Former Iowa Governor Tom Vilsack says it’s too early to count Hillary Clinton out of the presidential race.
Vilsack, a national co-chair of the Clinton campaign, was at the Stony Hill Inn in Hackensack today to speak at a forum on civic engagement hosted by Bergen County Community College — the same spot where Hillary Clinton raised cash from the Bergen County Democratic Organization last month. In an interview before his presentation, Vilsack, who just yesterday campaigned for Clinton in Ohio, told PolitickerNJ.com that his candidate is not losing critical momentum as the Ohio and Texas primaries loom.
“I don’t think it’s accurate to suggest that there have been 11 primary losses in a row, because that suggests that there was a real effort to compete hard in all of those states, which is not the case,” he said. “I think the Clinton campaign has had a strategy on focusing on the states that are going to be important in November –in states that are large in population and in diversity of population. And that strategy has worked at this point.”
Vilsack pointed to Clinton’s primary victories in state like California, New York, New Jersey, Massachusetts, Florida and Michigan as evidence (although she was the only Democratic candidate who campaigned in the latter two).
“She did very, very well in the states that really matter come November. I don’t think there’s an expectation that the Democratic candidate is going to carry Idaho,” he said.
Vilsack emphasized that Clinton trails Obama by only about 100 delegates (counting both pledged and superdelegates). If she can pull off victories in Texas and Ohio – even narrow ones – she’ll be well poised to go on to win Pennsylvania, he said.
“A win is a win. This notion that she has to win by a lot is ridiculous.”
Vilsack also pointed to a Pew Research survey released yesterday that showed some Democrats defecting to vote for John McCain if Obama is the nominee. The poll shows Obama leading Clinton by nine points nationwide, and leading McCain by seven points in a general election match up. But twice as many white Democrats would vote for McCain in a head-to-head match up with Obama than those who would vote Republican against Clinton. The poll also showed that older, less educated and lower-income voters were all more likely to vote for McCain if Obama is the nominee.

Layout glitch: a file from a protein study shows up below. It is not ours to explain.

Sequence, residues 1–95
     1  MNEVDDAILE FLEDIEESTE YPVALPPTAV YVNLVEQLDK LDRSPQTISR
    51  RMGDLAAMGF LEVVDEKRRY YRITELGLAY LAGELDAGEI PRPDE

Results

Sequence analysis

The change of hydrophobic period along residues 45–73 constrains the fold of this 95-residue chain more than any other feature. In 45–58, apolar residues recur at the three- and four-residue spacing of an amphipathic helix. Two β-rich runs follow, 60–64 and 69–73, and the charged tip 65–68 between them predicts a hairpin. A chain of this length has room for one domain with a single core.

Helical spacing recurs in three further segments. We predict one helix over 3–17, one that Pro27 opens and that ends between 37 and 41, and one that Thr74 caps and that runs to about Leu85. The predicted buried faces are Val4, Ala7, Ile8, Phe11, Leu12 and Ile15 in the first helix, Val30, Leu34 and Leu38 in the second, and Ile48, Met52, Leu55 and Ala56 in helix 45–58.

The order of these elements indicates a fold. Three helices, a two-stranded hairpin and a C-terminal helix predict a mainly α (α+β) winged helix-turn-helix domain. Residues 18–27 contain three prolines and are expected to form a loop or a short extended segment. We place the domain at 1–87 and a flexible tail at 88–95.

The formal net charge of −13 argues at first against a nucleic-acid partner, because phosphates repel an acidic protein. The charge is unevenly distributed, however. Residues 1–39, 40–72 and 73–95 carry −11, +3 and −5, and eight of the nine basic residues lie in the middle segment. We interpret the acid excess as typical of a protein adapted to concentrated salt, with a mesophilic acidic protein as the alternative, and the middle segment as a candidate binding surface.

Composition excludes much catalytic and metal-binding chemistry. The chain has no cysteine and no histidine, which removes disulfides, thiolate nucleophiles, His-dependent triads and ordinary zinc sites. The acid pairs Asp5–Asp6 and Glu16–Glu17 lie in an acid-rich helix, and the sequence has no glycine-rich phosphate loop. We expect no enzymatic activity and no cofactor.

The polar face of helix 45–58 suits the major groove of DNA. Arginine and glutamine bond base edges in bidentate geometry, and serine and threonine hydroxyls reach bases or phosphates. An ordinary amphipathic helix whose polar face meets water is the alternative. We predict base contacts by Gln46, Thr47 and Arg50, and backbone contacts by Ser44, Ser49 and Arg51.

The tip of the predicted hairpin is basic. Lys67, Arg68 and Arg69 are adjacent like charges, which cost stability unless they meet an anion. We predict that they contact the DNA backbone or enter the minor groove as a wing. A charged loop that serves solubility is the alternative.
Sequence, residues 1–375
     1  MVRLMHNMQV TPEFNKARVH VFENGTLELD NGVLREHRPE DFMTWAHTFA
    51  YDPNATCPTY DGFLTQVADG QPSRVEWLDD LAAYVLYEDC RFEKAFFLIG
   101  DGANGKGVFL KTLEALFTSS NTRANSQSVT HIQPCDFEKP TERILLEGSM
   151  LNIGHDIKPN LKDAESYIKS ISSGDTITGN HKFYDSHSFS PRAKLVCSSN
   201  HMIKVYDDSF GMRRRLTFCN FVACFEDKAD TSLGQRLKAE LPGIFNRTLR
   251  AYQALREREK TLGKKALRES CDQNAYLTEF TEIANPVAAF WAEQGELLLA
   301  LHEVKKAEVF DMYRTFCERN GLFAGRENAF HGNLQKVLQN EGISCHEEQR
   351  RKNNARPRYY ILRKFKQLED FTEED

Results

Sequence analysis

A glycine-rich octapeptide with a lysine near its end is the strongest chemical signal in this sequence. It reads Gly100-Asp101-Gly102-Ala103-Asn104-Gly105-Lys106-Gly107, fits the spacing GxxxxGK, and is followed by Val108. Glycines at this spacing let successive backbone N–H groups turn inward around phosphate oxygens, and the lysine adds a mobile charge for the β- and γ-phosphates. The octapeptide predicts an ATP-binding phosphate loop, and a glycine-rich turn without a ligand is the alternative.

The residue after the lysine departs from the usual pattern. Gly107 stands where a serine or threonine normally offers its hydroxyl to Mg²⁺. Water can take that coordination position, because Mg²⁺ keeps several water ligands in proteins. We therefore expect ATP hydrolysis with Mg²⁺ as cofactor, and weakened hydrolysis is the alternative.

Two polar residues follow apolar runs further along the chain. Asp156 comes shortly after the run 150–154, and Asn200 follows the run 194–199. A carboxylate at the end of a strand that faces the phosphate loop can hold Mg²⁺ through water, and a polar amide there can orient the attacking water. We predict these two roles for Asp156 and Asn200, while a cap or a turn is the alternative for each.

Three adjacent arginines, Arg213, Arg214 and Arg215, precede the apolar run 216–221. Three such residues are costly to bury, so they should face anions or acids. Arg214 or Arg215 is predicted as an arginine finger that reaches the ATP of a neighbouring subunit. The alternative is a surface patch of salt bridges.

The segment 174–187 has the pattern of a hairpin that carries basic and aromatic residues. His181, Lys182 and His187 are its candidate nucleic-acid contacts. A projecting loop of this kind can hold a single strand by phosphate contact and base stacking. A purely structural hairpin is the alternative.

For a brief period, Vilsack himself was a presidential hopeful. In November, 2006, he became the second candidate to officially announce his candidacy. He pulled out four months later after having problems raising enough money to run a competitive campaign and endorsed Clinton, who in turn helped pay off $400,000 in campaign debt. His name has been floated as a potential pick for vice-president if Clinton wins the nomination.
Vilsack, who served two terms as governor, said he’s unable to offer any criticism of the way either the Obama or Clinton campaigns have been run, given his own unsuccessful attempt at the nomination. And don’t count on him trying again.
“I’m not a pizzazz kind of guy, I’m a grit kind of guy,” he said. “And I don’t know if there is a place for somebody like me at that level. So I think I’m going to be focusing on doing something else with my life.”